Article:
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12 Sampling Instruments That Morph and Layer Multiple Sources

The term Vector Synthesis refers to a synthesis technique which creates, “…movement in a sound by providing dynamic cross-fading between (usually) four sound sources. The four sound sources are conceptually arranged as the extreme points of X and Y axes and typically labeled A, B, C and D. A given mix of the four sound sources can be represented by a single point in this ‘vector plane’ (source). In Synthesizers like the Prophet by Sequential Circuits, the sources are digital wavetable oscillators.

Many software sampling instruments and sampling libraries have taken a similar approach by allowing for up to eight sources or samples to be played simultaneously on potentially every key. There is usually some sort of mix level control via an X-Y morph pad or simple sliders for each source. In contrast to early vector synthesizers that used simple oscillators or wavetables, the samples being layered can be quite long in duration, having drastically different amplitude and spectral content variation. This can result in lush evolving textures that unfold beautifully over time and all from playing a single note. Or, the samples may be much shorter and capable of producing rich transient sounds that dissolve in unusual ways.

What follows are some of my favorite Kontakt-based sampling instruments that use this method as the basis for producing sound. Some of these allow the user to load in their own sounds, in addition to coming with enormous onboard libraries.

Melt by Cinematique Instruments

Melt is a stunning instrument that uses an X-Y pad to morph between four possible sources. Sounds are available via a drop-down menu that displays five possible categories: Pure, Floating, Organic, Field Record and Granular. Loading a new sound is fast and easy.

You can also adjust something they call Ratio: “By moving the cursor inside this X-Y pad, MELT calculates its main sound out of this cursor position by the ratios of all four sounds and their individual effect parameters”.

You can record your X-Y movements quite easily and those movements will become part of the sound every time you hit a new key.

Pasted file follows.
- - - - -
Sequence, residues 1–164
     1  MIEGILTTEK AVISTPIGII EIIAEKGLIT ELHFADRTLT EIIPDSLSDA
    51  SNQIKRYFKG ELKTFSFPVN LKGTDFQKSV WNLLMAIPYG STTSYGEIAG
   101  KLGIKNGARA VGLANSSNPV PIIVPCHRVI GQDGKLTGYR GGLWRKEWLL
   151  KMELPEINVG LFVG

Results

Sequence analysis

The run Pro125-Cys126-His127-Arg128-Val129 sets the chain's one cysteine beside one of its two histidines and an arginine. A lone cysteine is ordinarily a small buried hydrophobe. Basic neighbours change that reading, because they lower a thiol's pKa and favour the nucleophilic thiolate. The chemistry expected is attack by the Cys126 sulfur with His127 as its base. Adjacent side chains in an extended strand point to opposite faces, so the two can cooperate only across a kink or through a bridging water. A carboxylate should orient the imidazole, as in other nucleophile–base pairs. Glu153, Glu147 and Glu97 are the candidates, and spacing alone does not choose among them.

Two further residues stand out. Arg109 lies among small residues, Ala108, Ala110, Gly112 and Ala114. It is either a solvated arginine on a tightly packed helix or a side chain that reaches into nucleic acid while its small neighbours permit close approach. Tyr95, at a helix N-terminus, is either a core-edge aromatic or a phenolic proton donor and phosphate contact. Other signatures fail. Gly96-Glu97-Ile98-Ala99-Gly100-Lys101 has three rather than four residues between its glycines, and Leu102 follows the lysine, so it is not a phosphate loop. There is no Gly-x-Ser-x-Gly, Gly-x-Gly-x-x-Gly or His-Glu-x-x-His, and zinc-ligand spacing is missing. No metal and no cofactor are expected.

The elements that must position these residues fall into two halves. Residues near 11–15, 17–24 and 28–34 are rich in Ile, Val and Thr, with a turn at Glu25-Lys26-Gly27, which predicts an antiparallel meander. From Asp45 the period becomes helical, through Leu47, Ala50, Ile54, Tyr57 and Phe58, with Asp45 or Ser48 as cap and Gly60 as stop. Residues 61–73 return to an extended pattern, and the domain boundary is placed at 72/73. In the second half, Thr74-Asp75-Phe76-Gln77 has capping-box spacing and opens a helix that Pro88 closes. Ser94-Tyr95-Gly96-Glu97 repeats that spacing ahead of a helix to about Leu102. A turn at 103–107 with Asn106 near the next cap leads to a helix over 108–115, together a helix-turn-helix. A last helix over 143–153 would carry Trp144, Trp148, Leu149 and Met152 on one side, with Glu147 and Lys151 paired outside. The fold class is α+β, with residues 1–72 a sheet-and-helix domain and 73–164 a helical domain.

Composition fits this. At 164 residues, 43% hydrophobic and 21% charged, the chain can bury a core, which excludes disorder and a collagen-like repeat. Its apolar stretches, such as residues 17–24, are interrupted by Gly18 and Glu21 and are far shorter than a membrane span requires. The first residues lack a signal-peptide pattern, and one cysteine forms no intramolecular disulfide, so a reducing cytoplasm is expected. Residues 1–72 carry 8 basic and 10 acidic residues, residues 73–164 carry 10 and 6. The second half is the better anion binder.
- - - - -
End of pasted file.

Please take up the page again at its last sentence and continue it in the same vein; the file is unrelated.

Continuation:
Feature Set:

  • Blending between four sound layers via X-Y pad
  • Creation of complex sound structures in an extremely simple way
  • Nine sound-shaping effects plus eight-step sequencer per instrument
  • Freeze Mode for global application of all nine sound shaping effects
  • Ratio table per instrument to adjust the cursor relation
  • 64 inspiring sound sources: 21 ambiances & textures, 16 field recordings, 8 organs and electric pianos, 5 pure synths, 10 organic sounds like guitars and 4 string sounds
  • Over 120 presets: Basic Sounds, Calm and Quiet, Synthetic, Organic Pieces, Ambiances, Strings, Complex Melts, Ambients, Wide and Open, Shorts, Rhythmic, Experimental

Dronar by Gothic Instruments

Dronar is a collection of modules that work in similar ways but with different content. There are four main source modules called FX, HI, MID, and LO which describe the nature of the source category in terms of spectrum and/or texture.

Clicking the Expert tab at the bottom of the GUI reveals that each of the four categories can actually have 2 sources blended together, so that up to eight sources may be used at any given time.

For more on Dronar, check out my review here.

Sculptor by Gothic Instruments

Sculptor is another great collection of instruments that are more geared towards sound effects: impacts, risers and drops.

Each instrument allows for multiple sources to be layered in various ways, often dividing the sound into different stages of its amplitude envelope. Aside from having great animated visuals, these things sound incredible and having the flexibility to construct a unique sound that fits perfectly in a particular context is a welcome alternative to searching through existing FX libraries or trying to modify a sound to make it work.